Archive for Thursday, December 2, 2004

Nursing center pharmacist’s legacy

December 2, 2004

If a pharmacy order needed to be delivered to the Eudora Nursing Center, Alf T.H. Oleson was likely the first to volunteer.
"He always had to have an excuse to check it out anyhow," said pharmacist Stan Byrne. "Even on Sundays, he'd go by and check."
Besides playing an instrumental role in the creation and development of the local nursing center, Oleson -- usually seen in a bow tie and more recently on a motorized scooter -- was a familiar site at the Maple Street facility, often calling on residents.
"He'd just come and visit," said Rheva Victor, the center's administrator. "He just wanted to keep in touch."
Oleson, who went by the nickname "Ole," died Tuesday at the age of 88. No services are planned.
A native of Belle Plaine, the longtime Eudora pharmacist got his start working at a drugstore soda fountain as an elementary school student. After graduating from high school, Oleson's boss handed him a bus ticket to Lawrence. Working at a drug store for 20 cents an hour to pay for tuition, Oleson eventually graduated from Kansas University with a bachelor's degree in pharmacy.
Afterward, Oleson worked for the university's student health center, married Dorothea Davidson, and served in the Navy hospital corps and Seabees during World War II.
In 1946, Oleson purchased the former Homer White Drug Store in Eudora at 711 Main St., where the Miller Agency now operates. Back then, Oleson's business wasn't just drugs but also soda fountain treats, school textbooks, and veterinarian supplies.
Oleson taught fellow pharmacist Byrne, to whom he sold his business in 1970, that spoiling customers rotten was the key to a successful drug store.
"He always did whatever it took to keep a patient happy," Byrne said. "He always went the extra mile."
Before Oleson's business moved to 101 W. 10th St., now Byrne's Pharmacy, Byrne said Oleson's downtown business meant long hours, and he was often open until 10 p.m. Putting hours in at the pharmacy was where Oleson developed a taste for his signature bow ties. He told The Eudora News in an August 2000 interview that he soon learned a necktie got in the way when mixing prescriptions.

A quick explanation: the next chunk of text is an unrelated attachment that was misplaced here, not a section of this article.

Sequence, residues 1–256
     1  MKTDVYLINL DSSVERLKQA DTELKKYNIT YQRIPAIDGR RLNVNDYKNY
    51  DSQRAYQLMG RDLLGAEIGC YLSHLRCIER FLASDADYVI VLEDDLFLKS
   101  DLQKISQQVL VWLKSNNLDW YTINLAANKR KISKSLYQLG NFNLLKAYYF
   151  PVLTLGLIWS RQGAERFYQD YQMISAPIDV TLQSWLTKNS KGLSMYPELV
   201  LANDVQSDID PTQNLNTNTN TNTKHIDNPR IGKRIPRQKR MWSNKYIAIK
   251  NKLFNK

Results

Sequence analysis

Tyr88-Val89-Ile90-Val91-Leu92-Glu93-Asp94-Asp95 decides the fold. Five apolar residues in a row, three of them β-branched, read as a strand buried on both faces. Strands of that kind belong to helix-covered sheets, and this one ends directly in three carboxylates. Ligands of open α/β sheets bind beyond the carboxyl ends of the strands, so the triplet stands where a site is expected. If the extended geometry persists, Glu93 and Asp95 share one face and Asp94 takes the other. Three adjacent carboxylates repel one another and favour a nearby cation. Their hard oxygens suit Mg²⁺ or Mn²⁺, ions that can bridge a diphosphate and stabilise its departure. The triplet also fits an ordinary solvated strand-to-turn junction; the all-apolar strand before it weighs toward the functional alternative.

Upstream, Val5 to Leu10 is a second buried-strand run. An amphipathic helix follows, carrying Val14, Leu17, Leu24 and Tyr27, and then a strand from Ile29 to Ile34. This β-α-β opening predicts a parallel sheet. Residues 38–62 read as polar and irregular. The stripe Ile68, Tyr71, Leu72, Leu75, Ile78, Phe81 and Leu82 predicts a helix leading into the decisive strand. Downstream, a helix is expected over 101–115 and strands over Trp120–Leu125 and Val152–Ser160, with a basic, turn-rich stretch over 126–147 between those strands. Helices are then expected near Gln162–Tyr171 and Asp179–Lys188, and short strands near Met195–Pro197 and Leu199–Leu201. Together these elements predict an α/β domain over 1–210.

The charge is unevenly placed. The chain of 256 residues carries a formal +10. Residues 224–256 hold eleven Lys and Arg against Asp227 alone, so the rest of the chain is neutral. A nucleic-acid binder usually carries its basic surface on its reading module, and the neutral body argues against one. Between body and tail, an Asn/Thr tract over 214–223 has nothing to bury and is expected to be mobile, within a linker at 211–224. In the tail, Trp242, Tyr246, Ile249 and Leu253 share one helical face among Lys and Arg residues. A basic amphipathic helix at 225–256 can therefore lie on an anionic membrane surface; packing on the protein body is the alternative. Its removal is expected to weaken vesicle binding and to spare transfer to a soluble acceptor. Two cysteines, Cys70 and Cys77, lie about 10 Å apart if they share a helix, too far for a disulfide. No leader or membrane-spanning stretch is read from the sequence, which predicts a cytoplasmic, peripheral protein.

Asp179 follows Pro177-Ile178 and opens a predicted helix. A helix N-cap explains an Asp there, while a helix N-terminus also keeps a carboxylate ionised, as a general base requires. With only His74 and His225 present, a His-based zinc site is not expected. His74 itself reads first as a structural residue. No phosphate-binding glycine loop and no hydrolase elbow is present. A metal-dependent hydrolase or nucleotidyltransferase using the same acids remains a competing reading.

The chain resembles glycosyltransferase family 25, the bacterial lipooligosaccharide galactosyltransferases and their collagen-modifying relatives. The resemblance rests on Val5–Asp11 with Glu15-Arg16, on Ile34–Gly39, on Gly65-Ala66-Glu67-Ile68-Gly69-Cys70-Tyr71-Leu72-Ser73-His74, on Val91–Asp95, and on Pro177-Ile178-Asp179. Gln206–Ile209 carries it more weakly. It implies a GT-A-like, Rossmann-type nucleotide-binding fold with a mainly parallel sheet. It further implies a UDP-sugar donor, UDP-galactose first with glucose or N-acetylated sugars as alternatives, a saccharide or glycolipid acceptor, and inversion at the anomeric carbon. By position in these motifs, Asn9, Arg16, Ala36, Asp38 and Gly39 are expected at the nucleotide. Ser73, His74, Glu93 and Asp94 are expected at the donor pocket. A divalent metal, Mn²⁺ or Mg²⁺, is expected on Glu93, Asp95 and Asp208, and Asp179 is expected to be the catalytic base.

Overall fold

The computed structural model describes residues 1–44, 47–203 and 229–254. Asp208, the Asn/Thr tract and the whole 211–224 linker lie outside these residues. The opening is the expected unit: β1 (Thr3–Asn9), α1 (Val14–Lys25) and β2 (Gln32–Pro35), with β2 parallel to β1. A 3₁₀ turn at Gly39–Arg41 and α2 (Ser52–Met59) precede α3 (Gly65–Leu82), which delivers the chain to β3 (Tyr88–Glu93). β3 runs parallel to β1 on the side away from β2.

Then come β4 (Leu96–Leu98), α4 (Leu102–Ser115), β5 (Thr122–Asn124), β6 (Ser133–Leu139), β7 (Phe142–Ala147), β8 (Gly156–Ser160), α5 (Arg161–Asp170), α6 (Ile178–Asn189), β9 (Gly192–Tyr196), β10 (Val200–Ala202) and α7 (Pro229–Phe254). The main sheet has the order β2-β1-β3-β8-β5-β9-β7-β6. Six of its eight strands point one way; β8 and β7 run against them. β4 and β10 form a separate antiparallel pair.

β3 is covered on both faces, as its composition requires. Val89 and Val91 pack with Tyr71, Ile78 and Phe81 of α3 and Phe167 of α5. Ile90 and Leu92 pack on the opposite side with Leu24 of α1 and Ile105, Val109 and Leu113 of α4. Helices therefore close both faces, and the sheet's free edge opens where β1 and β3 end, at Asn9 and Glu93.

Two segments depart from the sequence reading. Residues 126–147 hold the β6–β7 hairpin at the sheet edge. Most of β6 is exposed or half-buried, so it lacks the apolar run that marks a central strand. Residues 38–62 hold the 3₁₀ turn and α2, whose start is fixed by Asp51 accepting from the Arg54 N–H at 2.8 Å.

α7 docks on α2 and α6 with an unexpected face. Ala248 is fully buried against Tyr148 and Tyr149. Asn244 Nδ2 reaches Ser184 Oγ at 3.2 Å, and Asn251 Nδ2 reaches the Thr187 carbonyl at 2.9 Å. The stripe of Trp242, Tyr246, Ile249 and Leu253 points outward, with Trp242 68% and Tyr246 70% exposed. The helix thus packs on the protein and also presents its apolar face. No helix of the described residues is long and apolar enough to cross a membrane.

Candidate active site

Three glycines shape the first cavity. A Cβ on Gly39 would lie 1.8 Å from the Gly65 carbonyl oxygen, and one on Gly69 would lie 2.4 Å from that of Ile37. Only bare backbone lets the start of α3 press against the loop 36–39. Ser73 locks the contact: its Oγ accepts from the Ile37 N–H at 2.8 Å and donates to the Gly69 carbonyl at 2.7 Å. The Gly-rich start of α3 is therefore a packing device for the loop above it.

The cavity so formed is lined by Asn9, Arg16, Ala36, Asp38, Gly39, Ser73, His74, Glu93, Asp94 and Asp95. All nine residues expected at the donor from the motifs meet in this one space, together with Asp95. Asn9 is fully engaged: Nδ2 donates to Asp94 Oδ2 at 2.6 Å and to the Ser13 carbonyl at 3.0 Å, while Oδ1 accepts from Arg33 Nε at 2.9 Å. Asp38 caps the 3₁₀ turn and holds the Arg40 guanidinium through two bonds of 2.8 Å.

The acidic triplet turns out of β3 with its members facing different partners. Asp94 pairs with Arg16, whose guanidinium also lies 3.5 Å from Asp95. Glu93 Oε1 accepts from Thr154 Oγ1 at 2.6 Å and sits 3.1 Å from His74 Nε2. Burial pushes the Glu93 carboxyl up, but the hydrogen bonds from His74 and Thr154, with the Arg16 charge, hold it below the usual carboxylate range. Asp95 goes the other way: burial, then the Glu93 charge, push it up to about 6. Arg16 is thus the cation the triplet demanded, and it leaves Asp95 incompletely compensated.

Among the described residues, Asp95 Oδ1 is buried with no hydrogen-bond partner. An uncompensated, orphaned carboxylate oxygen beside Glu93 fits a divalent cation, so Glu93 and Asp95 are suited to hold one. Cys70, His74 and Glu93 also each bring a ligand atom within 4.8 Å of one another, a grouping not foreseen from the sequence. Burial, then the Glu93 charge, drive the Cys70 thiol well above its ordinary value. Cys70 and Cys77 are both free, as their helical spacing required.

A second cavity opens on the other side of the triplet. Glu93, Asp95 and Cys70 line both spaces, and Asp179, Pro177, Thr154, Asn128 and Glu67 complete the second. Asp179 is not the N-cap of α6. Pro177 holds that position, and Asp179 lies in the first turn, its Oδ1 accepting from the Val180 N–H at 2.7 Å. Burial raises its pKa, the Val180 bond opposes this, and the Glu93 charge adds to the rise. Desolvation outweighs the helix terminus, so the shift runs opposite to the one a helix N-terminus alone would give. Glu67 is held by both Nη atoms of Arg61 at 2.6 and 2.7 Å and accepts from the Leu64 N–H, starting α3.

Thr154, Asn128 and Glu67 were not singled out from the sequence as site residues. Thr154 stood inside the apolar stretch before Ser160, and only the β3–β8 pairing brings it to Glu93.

"He'd even mow the grass in that thing," Byrne said. "He's a colorful character."
After selling the business to Byrne, Oleson "retired" but still worked at the pharmacy, or would at least stop by, even as recently as a week ago.
"He enjoyed just coming in and seeing the other people come in," Byrne said.
Oleson had other community pursuits, among them chartering the Eudora Lions Club, serving on the USD 491 Board of Education, and urging longtime physician Kenneth Holladay to start a Eudora practice.
"I have always tried to make Eudora a bigger and better town," he told The Eudora News in a 1990 interview. "Even as it grows, it still remains a homefolk place."
Yet Oleson's biggest legacy may be the Eudora Nursing Center. He told The News in 2000 that inspiration came from watching his older friends forced to leave Eudora when they moved into nursing homes.
It was then, Victor said, he decided to start up the Eudora Development Company, which owns the local center that opened its doors in 1975. Victor said Oleson started selling the company's stocks to the community.
"He convinced 68 people that they needed a nursing center here in town," she said.
From then on, Oleson was a part of the center, from its construction and opening to serving on the board and visiting its residents.
"That was his first love and baby -- after the pharmacy," Byrne said.
Getting the nursing center up and running was a project he undertook after his so-called retirement.
"He didn't want to sit around and do nothing," Victor said of Oleson, whom she described as both delightful and caring.
Looking back on the changes he'd witnessed in Eudora since opening his pharmacy, Oleson told The News in 2000 that he thought the town was better off than it had ever been.
"My whole mental thoughts have always been for making Eudora a better place to live."
Oleson is survived by his wife, Dorothea of the home; a daughter, Vicki, and husband Trent Downing of Henderson, Nev.; a son, Trig, and wife Donna of Eudora; grandsons Brian Oleson, and Mike Oleson and his wife Christine and daughter Mara, all of Eudora; and a brother, Bus Oleson of Arkansas City.

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